(MORE: Money Moves After Paying Off a Mortgage)

If you feel turning to retirement savings is your only solution, however, first consider dialing back your monthly contributions into it so you have more cash to put toward debt. Just be mindful that cutting back contributions now will reduce your income later — in retirement.

Communicate: Make a Plan with the Support of Family

If you are looking at a heavy debt responsibility, you may feel alone in the struggle and embarrassed to bring it up with your loved ones. But coming clean with them is important to all of your financial futures.

You need to let your family know what to expect, especially since some of your assets will go toward paying off your debts when you pass away. Family members may have expectations about inheriting the house or family heirlooms, so it’s better to provide full disclosure sooner rather than later.

Not only that, talking about what you’re facing can help reduce some of the emotional stress you’re feeling. I find among the pre-retirees I work with that many don’t communicate about their finances as much as they should with their adult children or other family members.

Beyond communication, many parents continue to help their children and grandchildren financially even while facing their own debt challenges. The Voya study found that a surprisingly high percentage of pre-retirees (37 percent) and retirees (27 percent) have kids or grandkids who look to them for financial support.

Many parents are helping their children pay student loan debts or are even still paying off their own. A recent study from the Government Accountability Office noted that federal student loan debt among those aged 65 and older has grown from $2.8 billion in 2005 to $18.2 billion in 2013.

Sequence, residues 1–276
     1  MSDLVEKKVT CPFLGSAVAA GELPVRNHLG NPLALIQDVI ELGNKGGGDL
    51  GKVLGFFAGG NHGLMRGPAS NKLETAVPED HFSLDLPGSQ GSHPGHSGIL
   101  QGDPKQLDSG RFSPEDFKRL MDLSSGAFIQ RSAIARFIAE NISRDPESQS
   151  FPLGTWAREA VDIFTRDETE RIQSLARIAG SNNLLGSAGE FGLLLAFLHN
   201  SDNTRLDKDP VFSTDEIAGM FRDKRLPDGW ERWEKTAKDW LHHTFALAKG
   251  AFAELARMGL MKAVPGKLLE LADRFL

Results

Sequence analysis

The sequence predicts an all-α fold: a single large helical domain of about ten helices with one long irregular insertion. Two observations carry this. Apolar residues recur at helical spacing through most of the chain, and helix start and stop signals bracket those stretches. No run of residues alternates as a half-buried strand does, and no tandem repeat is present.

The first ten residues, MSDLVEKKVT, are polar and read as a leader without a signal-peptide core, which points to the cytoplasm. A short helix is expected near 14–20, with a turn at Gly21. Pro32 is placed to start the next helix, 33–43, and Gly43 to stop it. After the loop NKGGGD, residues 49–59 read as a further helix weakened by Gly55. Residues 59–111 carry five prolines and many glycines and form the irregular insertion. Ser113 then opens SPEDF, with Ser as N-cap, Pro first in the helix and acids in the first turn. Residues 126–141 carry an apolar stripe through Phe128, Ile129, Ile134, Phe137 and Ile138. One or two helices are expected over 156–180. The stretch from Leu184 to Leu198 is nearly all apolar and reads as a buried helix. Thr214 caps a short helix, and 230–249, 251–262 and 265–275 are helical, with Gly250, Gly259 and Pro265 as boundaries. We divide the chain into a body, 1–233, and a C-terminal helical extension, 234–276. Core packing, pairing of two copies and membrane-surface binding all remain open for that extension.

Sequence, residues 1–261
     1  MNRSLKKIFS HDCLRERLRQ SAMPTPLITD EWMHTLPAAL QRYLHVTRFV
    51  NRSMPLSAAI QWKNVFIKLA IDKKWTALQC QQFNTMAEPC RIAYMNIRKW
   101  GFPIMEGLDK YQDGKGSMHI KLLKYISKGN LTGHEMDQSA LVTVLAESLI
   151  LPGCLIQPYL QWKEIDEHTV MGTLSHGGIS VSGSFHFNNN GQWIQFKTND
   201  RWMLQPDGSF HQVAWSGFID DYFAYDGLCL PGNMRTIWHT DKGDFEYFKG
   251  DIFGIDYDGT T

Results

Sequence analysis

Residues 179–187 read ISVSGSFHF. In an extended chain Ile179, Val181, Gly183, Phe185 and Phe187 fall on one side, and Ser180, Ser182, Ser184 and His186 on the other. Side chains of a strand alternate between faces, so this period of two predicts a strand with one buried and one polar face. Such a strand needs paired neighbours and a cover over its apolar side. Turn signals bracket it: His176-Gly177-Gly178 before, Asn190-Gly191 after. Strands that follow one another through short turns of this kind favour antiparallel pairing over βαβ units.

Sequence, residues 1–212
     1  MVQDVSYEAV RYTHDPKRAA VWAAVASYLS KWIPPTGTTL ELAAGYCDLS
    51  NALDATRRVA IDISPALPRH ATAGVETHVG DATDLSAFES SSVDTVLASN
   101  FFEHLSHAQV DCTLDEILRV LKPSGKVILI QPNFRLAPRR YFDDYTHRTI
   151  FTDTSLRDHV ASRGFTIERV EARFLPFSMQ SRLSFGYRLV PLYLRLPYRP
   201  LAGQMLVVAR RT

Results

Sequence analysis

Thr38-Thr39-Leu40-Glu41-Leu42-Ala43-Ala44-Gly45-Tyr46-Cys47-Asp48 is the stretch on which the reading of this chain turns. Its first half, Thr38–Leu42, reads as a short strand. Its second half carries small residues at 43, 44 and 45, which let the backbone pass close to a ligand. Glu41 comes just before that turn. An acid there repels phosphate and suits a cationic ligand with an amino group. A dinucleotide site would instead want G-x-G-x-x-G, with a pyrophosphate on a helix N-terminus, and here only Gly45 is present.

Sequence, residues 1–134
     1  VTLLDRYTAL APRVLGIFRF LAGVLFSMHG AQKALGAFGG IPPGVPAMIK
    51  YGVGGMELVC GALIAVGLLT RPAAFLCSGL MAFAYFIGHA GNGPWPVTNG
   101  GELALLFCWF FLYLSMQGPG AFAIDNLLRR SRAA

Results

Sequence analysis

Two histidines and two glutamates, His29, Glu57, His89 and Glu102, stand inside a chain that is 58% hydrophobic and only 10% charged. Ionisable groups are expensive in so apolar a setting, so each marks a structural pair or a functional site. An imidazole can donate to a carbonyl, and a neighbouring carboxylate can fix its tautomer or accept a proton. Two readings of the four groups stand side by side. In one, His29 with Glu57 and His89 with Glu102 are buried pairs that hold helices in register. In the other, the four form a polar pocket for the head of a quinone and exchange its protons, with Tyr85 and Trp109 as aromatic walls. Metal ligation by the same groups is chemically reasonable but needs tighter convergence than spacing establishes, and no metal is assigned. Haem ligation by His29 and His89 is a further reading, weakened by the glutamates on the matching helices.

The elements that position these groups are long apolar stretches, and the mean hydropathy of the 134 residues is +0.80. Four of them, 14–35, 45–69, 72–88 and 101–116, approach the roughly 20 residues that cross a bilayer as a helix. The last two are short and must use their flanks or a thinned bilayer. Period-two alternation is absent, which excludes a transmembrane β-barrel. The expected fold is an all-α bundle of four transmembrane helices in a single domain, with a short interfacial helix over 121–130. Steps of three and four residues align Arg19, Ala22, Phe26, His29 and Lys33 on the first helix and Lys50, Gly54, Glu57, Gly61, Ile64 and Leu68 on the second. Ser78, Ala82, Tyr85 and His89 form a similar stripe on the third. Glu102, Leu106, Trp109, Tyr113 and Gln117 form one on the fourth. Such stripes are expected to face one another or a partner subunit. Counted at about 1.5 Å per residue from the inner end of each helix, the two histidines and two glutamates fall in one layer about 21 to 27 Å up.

Regardless of the reason others turn to you for support, open communication can help your family see the reality of your financial situation.

The moral of the story: Don’t hide your debt from the people in your life. If you really want to make a change, asking for support can be critical to seeing success.

You might also consider going to a professional to help you create a longer-term debt payment plan. Nonprofit credit-counseling agencies offer guidance for relatively low costs. And an experienced financial adviser can work with you to find ways of restructuring your finances.

You may also need to consider delaying your retirement date to deal with debt or to replenish you retirement accounts. This may be difficult to imagine if you have your heart set on retiring at a particular age, but pushing back the date can make a big difference. Not only can you use that extra time to chip away at debt, but your Social Security benefits will increase the longer you delay claiming them, until age 70.

Paying down debt can be a long and difficult road and, when you are dreaming about retirement, it can seem all the more daunting. I am sure that carrying debt is not part of your retirement plan, so if you’re a number of years out, take advantage of the time and resources available to you and start chipping away.

Look at your balance sheet, adjust your lifestyle, commit to saving and find support so you’ll get on the right path to a debt-free retirement.

Securities and Investment advisory services offered through Voya Financial Advisors, Inc. (member SIPC).